IRS Phishing Scam Warning

THIEVES and hackers are stepping up their efforts to steal taxpayer money and data this Christmas season by posing as IRS officials in elaborate phishing scams.

In a statement, the IRS said that “the combination of holiday shopping season, upcoming tax season and the pandemic creates additional opportunities for criminals to steal sensitive personal or financial information.”


IRS warned of phishing scams while on vacation

“This year, fraudulent scams linked to COVID-19, economic impact payments and other changes in tax law are common,” the agency warned.

In an effort to keep Americans safe, the IRS has shared guidelines for avoiding scams and phishing attempts this holiday season.

Beware of gift card scams

Gift card scams have become more and more popular because they often use hacked or spoofed email addresses and appear legitimate at first glance.

If you receive an email or text from a friend, loved one, colleague, or agency telling you that you need to buy and send gift cards to a certain address, beware. you.

And as the IRS points out, remember that no federal agency will ever ask you to pay unpaid contributions with a gift card.

“The agency will not request or accept gift cards as payment for a tax bill,” the IRS said in a statement.

Hackers posing as IRS officials send emails asking for gift card purchases.

A con artist could “tell the taxpayer their identity was stolen and used to open bogus bank accounts,” the IRS wrote, and tell the victim that she must pay a fictitious tax penalty.

After asking the taxpayer to buy gift cards from stores or restaurants, the scammer asks the taxpayer for the card number and PIN.

But the IRS will never call or send emails to make these kinds of requests.

“Typically, the IRS first sends an invoice to any taxpayer who owes taxes,” the agency writes.

If you receive a phishing email from someone posing as an IRS official, forward it to

Update your antivirus and activate the firewall

The IRS has advised computer users to check their security settings and update their antivirus software before the holiday season.

“Make sure that computer antivirus software has a function to stop malware, and that there is a firewall enabled that can prevent intrusions,” the agency said.

If your family members are still learning to use the internet safely, especially teens or young children, increase their safety settings for them.

And remember, it’s not just your office that needs a security check.

“Remember to use security software for computers, tablets and cellphones – and keep it up to date,” the IRS said.

Check the sites where you shop

In the rush to claim vacation bargains, you may click on a favorite website to make a purchase, but inadvertently share your private financial information with hackers.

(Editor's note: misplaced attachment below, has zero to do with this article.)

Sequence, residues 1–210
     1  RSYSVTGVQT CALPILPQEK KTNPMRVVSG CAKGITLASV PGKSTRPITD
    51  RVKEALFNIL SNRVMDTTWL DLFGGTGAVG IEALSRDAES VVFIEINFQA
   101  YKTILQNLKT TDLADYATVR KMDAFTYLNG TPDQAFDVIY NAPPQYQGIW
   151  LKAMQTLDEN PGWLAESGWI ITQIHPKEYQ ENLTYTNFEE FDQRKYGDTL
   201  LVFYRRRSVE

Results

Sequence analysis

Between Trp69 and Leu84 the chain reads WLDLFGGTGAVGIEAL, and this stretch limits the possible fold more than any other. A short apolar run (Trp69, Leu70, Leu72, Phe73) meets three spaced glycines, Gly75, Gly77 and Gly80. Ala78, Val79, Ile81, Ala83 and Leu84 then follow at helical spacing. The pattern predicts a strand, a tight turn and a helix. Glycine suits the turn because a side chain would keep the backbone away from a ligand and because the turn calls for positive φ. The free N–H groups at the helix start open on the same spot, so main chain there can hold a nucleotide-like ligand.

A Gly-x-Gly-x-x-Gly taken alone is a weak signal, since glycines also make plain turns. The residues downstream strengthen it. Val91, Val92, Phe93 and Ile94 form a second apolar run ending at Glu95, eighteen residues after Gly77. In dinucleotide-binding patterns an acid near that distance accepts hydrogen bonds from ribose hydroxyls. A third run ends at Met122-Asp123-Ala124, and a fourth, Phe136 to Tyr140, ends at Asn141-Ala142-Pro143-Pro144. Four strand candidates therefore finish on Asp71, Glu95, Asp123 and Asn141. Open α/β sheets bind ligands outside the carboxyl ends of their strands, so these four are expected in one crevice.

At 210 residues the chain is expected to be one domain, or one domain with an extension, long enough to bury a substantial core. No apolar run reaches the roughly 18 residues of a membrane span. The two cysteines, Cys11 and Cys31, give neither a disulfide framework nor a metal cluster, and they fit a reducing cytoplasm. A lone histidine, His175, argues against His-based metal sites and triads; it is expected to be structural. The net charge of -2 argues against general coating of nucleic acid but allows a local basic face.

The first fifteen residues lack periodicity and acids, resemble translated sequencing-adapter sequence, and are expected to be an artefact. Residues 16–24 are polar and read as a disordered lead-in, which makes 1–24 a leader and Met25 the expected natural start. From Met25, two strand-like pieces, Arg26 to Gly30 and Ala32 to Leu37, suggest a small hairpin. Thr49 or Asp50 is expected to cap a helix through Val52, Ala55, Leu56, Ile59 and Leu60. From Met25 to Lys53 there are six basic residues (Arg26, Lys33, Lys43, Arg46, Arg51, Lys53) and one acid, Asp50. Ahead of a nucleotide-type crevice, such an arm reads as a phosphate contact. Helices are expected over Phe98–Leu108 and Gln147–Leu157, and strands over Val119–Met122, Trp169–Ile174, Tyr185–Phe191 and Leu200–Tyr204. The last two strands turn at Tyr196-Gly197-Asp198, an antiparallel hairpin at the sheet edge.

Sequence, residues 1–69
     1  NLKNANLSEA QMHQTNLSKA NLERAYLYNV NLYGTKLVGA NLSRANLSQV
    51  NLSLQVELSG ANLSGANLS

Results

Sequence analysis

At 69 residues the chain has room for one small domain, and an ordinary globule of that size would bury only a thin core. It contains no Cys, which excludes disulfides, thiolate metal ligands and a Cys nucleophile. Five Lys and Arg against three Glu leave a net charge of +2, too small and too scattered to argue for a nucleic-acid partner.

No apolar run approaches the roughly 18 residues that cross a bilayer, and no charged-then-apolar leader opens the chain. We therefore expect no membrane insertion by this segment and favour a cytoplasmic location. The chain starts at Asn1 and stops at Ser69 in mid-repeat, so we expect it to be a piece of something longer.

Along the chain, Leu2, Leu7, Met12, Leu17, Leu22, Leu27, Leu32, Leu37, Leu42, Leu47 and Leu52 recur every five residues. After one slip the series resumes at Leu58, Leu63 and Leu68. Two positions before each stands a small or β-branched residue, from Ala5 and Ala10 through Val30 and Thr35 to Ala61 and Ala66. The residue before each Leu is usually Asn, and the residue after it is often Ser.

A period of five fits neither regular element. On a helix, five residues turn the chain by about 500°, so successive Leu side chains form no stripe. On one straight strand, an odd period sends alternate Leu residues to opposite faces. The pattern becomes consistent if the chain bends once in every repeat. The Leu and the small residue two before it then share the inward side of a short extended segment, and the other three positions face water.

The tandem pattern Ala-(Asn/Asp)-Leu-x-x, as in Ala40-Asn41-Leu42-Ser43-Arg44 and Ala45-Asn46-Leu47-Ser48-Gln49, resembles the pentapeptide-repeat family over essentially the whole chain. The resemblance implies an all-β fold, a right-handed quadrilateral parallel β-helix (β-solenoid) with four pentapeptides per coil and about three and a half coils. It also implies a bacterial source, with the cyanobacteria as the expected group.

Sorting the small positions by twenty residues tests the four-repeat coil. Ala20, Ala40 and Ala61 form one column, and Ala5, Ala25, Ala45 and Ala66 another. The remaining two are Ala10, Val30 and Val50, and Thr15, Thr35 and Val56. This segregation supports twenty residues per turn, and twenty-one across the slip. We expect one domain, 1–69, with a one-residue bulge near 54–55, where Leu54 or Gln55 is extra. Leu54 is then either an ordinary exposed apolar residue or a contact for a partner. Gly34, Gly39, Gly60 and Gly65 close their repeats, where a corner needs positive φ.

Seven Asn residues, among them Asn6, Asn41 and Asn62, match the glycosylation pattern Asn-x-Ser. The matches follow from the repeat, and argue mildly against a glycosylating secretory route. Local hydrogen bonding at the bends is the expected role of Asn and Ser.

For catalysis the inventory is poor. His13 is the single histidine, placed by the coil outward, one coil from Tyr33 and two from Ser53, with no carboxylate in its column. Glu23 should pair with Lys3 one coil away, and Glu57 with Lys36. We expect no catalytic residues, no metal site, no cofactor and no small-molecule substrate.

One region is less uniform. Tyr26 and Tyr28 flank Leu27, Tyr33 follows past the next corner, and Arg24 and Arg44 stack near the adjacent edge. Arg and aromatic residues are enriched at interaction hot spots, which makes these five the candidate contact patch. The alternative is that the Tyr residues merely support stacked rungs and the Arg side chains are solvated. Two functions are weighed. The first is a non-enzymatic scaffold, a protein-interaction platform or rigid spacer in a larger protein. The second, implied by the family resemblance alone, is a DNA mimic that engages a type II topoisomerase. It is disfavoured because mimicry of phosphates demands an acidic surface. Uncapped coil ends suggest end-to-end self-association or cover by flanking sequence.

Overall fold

A website that looks like a normal online store can have serious vulnerabilities that open your credit card information to hackers.

“Buy from sites where the web address begins with ‘https’ – the ‘s’ is for secure communications over the computer network,” the IRS reminded buyers.

And in the URL bar, look for a “padlock” symbol that indicates that the site is secure.

Do not make an online purchase if the website is not confirmed to be secure.

Use two-factor verification and strong passwords

Before Christmas and New Years, update old passwords in favor of the stronger ones.

Make sure they’re unique for each website, and consider using a password manager if you’re reluctant to have different passwords for each account.

And enable two-step verification, also known as multi-factor authentication, on any app or website that allows it.

“Many email providers and social media sites offer this feature,” the IRS said.

“It helps prevent thieves from easily hacking into accounts.”

Buy online at home, on secure WiFi

Even if you see an expensive item in the store, but find a good deal online when you search for it on your phone, resist the urge to make the purchase until you are home.

“Don’t buy over an unsecured public Wi-Fi network in places like a shopping mall. Remember thieves can spy,” the IRS said.

And at home, set a strong WiFi password, even if it’s tempting to leave your internet connection insecure so vacationers have easy connectivity.

“With more and more homes connected to the web, secure systems are becoming more important, from wireless printers to wireless door locks to wireless thermometers,” the IRS said.

These hotspots are convenient for you, but they are also accessible to identity thieves.

Cyber ​​security expert Zak Doffman warns against phishing scams and why you should NEVER click on malicious links

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